My friends, I’ve come here today because, as prime minister of Israel, I feel a profound obligation to speak to you about an issue that could well threaten the survival of my country and the future of my people: Iran’s quest for nuclear weapons.
We’re an ancient people. In our nearly 4,000 years of history, many have tried repeatedly to destroy the Jewish people. Tomorrow night, on the Jewish holiday of Purim, we’ll read the Book of Esther. We’ll read of a powerful Persian viceroy named Haman, who plotted to destroy the Jewish people some 2,500 years ago. But a courageous Jewish woman, Queen Esther, exposed the plot and gave for the Jewish people the right to defend themselves against their enemies.
The plot was foiled. Our people were saved.
Today the Jewish people face another attempt by yet another Persian potentate to destroy us. Iran’s Supreme Leader Ayatollah Khamenei spews the oldest hatred, the oldest hatred of anti-Semitism with the newest technology. He tweets that Israel must be annihilated — he tweets. You know, in Iran, there isn’t exactly free Internet. But he tweets in English that Israel must be destroyed.
For those who believe that Iran threatens the Jewish state, but not the Jewish people, listen to Hassan Nasrallah, the leader of Hezbollah, Iran’s chief terrorist proxy. He said: If all the Jews gather in Israel, it will save us the trouble of chasing them down around the world . . . .
ISIS is armed with butcher knives, captured weapons and YouTube, whereas Iran could soon be armed with intercontinental ballistic missiles and nuclear bombs. We must always remember — I’ll say it one more time — the greatest dangers facing our world is the marriage of militant Islam with nuclear weapons. To defeat ISIS and let Iran get nuclear weapons would be to win the battle, but lose the war. We can’t let that happen.
But that, my friends, is exactly what could happen, if the deal now being negotiated is accepted by Iran. That deal will not prevent Iran from developing nuclear weapons. It would all but guarantee that Iran gets those weapons, lots of them.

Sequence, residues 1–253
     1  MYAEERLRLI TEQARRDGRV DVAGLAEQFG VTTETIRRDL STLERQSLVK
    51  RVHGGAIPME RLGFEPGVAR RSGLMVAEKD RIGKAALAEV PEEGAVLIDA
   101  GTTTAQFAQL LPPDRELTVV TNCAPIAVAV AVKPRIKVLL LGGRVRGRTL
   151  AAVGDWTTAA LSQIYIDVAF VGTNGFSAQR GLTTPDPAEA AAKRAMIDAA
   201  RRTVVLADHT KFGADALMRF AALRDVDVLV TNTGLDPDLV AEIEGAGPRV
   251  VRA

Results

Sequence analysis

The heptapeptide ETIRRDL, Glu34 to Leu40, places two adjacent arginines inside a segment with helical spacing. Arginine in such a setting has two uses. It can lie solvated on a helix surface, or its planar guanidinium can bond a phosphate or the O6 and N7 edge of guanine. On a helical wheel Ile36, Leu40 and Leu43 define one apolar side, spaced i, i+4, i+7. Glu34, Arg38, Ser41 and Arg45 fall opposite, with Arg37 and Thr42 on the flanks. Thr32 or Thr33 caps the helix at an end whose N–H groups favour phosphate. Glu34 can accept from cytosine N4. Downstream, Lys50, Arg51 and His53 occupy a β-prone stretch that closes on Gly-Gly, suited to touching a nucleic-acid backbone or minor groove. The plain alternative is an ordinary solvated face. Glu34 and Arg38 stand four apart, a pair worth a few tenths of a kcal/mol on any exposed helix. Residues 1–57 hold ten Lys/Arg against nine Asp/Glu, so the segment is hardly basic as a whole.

Let me explain why. While the final deal has not yet been signed, certain elements of any potential deal are now a matter of public record. You don’t need intelligence agencies and secret information to know this. You can Google it.
Absent a dramatic change, we know for sure that any deal with Iran will include two major concessions to Iran.
The first major concession would leave Iran with a vast nuclear infrastructure, providing it with a short break-out time to the bomb. Break-out time is the time it takes to amass enough weapons-grade uranium or plutonium for a nuclear bomb.
According to the deal, not a single nuclear facility would be demolished. Thousands of centrifuges used to enrich uranium would be left spinning. Thousands more would be temporarily disconnected, but not destroyed.
Because Iran’s nuclear program would be left largely intact, Iran’s break-out time would be very short — about a year by U.S. assessment, even shorter by Israel’s.
And if — if Iran’s work on advanced centrifuges, faster and faster centrifuges, is not stopped, that break-out time could still be shorter, a lot shorter . . . .
Right now, Iran could be hiding nuclear facilities that we don’t know about, the U.S. and Israel. As the former head of inspections for the IAEA said in 2013, he said, “If there’s no undeclared installation today in Iran, it will be the first time in 20 years that it doesn’t have one.” Iran has proven time and again that it cannot be trusted. And that’s why the first major concession is a source of great concern. It leaves Iran with a vast nuclear infrastructure and relies on inspectors to prevent a breakout. That concession creates a real danger that Iran could get to the bomb by violating the deal.
But the second major concession creates an even greater danger that Iran could get to the bomb by keeping the deal. Because virtually all the restrictions on Iran’s nuclear program will automatically expire in about a decade.
Now, a decade may seem like a long time in political life, but it’s the blink of an eye in the life of a nation. It’s a blink of an eye in the life of our children. We all have a responsibility to consider what will happen when Iran’s nuclear capabilities are virtually unrestricted and all the sanctions will have been lifted. Iran would then be free to build a huge nuclear capacity that could product many, many nuclear bombs.
Iran’s Supreme Leader says that openly. He says, Iran plans to have 190,000 centrifuges, not 6,000 or even the 19,000 that Iran has today, but 10 times that amount — 190,000 centrifuges enriching uranium. With this massive capacity, Iran could make the fuel for an entire nuclear arsenal and this in a matter of weeks, once it makes that decision . . . .
So you see, my friends, this deal has two major concessions: one, leaving Iran with a vast nuclear program and two, lifting the restrictions on that program in about a decade. That’s why this deal is so bad. It doesn’t block Iran’s path to the bomb; it paves Iran’s path to the bomb.
So why would anyone make this deal? Because they hope that Iran will change for the better in the coming years, or they believe that the alternative to this deal is worse?
Well, I disagree. I don’t believe that Iran’s radical regime will change for the better after this deal. This regime has been in power for 36 years, and its voracious appetite for aggression grows with each passing year. This deal would whet appetite — would only whet Iran’s appetite for more.
We have been warned. END